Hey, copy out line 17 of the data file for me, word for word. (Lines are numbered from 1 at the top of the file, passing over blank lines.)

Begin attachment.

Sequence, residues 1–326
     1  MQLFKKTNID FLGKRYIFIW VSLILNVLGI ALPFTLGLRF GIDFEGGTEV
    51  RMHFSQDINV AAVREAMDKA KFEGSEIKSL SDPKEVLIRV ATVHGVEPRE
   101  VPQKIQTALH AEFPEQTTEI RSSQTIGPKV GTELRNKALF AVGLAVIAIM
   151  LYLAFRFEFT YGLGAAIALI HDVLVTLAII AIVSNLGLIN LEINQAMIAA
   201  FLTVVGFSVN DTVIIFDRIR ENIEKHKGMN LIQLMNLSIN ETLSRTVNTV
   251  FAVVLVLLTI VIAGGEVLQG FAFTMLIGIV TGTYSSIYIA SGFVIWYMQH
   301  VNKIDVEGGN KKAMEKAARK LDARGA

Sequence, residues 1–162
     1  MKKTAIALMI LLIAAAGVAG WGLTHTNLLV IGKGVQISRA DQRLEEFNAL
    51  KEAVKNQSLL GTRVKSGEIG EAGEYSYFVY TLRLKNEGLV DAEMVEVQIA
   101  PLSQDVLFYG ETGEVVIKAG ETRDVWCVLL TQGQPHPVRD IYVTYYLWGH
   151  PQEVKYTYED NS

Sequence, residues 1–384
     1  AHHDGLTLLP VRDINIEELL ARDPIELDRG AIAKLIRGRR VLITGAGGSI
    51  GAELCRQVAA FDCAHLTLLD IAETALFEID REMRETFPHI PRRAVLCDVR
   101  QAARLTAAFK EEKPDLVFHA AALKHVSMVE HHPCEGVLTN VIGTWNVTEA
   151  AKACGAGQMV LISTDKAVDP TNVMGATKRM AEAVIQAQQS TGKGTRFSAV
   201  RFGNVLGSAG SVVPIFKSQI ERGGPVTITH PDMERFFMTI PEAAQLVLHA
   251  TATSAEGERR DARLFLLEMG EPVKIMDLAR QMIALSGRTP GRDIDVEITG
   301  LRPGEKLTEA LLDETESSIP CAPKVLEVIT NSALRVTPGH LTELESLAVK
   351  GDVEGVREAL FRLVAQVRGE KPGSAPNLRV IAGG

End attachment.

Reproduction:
   101  QAARLTAAFK EEKPDLVFHA AALKHVSMVE HHPCEGVLTN VIGTWNVTEA